They recorded hundreds records under their own name and a variety of a pseudonyms, including Bailey’s Lucky Seven, The Southland Six, Ladd’s Black Aces, Jazzbo’s Carolina Serenaders, Charleston Chasers and Napoleon’s Emperors.
The Original Memphis Five broke up in 1928 and Phil began making his living as a studio musician until 1937 when he formed his own orchestra, but it didn’t go anywhere and he soon returned to session and studio work.
In 1946 he got a call from Jimmy Dorsey who was in desperate need of a trumpet player, due to the draft. He joined him in L.A. You can see him in the band in the movie ‘Four Jills And a Jeep”. He stayed with Dorsey until 1947. He the came back to New York and worked as a studio musician at NBC until 1950.
He re-formed the The Original Memphis Five and played at Nick’s in New York City for the next six years. In 1956 Phil moved to Miami, Florida and opened his own club called Napoleon’s Retreat where he continued to lead a band. Phil Napoleon died on September 13th, 1990, at his home in North Miami. He was 89 years of age.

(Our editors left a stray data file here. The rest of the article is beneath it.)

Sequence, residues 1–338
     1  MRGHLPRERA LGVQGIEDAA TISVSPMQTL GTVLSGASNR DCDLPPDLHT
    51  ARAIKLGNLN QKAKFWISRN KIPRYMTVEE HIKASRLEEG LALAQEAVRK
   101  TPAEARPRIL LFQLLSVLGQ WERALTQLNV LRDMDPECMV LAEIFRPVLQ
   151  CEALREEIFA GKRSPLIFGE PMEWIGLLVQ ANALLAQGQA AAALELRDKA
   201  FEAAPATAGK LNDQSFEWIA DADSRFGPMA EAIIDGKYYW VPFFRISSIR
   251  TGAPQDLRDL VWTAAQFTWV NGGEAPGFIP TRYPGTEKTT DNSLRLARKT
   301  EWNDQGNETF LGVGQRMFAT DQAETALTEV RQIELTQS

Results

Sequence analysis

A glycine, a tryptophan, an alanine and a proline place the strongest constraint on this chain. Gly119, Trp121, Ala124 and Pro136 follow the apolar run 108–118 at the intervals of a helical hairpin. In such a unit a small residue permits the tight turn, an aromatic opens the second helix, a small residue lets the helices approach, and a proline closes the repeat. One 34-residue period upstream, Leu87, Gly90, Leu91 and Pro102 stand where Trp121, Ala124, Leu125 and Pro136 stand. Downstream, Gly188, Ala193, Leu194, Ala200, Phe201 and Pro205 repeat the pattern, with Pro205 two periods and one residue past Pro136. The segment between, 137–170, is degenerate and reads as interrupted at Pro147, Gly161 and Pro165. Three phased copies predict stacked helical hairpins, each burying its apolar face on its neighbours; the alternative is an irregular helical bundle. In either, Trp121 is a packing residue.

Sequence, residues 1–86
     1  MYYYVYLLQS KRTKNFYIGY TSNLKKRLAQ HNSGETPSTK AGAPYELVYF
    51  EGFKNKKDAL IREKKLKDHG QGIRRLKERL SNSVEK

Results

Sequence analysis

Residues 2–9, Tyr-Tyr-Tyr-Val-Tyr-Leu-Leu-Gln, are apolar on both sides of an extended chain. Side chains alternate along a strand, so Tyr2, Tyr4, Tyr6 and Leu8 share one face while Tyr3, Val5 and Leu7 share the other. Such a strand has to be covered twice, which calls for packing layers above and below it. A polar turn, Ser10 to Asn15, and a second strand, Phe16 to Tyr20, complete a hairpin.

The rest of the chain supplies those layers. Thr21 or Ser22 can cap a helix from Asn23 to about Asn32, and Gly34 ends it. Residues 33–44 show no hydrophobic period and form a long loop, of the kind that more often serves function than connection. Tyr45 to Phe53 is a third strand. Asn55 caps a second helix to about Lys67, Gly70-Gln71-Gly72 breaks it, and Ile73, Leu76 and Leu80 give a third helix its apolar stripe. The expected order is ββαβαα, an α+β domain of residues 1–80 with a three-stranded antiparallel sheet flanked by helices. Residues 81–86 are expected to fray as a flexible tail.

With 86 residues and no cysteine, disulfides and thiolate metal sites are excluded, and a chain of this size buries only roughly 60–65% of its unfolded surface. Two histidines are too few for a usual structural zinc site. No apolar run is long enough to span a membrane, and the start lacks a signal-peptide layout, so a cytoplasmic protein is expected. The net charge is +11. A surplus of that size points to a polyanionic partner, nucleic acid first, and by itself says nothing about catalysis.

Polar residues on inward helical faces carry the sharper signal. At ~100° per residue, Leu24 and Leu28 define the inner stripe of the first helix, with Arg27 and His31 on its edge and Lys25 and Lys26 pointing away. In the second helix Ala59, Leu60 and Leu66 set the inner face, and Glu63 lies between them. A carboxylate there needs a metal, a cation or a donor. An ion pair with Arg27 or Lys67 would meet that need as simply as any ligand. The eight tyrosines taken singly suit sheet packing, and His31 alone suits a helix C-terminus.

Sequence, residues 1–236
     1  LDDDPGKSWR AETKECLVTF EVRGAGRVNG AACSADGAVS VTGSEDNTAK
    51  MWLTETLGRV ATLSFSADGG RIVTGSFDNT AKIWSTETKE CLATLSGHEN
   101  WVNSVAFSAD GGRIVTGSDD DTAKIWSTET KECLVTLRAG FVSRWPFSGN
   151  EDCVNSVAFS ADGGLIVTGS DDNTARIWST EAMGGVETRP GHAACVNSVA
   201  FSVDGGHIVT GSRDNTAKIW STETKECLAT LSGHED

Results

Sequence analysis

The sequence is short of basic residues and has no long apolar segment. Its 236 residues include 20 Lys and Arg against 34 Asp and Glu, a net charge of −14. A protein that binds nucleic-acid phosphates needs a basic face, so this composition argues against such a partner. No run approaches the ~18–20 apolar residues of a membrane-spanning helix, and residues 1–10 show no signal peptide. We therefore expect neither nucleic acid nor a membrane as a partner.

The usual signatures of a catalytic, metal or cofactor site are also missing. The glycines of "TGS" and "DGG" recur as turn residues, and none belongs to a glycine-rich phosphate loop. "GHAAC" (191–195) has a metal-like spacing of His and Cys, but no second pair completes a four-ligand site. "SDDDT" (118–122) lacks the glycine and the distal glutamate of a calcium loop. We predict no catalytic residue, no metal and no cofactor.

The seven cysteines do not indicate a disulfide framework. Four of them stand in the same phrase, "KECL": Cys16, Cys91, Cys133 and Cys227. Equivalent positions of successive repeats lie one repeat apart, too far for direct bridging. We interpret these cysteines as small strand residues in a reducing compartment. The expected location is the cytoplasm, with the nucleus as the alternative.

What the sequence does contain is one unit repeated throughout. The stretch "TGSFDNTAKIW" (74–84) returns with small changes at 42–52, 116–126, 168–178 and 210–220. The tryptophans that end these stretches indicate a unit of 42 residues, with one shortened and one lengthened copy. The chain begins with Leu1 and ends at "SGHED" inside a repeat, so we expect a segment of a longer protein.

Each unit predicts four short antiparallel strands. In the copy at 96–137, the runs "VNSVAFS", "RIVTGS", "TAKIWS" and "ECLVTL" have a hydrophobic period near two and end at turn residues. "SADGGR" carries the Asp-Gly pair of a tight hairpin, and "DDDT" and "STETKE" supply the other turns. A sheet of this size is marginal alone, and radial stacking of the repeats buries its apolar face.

Napoleon’s influence was best felt in Jazz in the early 1920s when The Original Memphis Five were a progressive force that moved the music beyond the style of the Original Dixieland Jazz Band and towards the more sophisticated White Jazz that Bix Beiderbecke and Red Nichols would build upon throughout the rest of the decade.
|The Original Memphis Five||Phil Napoleon and his Orchestra|
|Napoleon’s Emperors||The Southland Six|
|Bailey’s Lucky Seven||Ladd’s Black Aces|
|Jazzbo’s Carolina Serenaders||Charleston Chasers|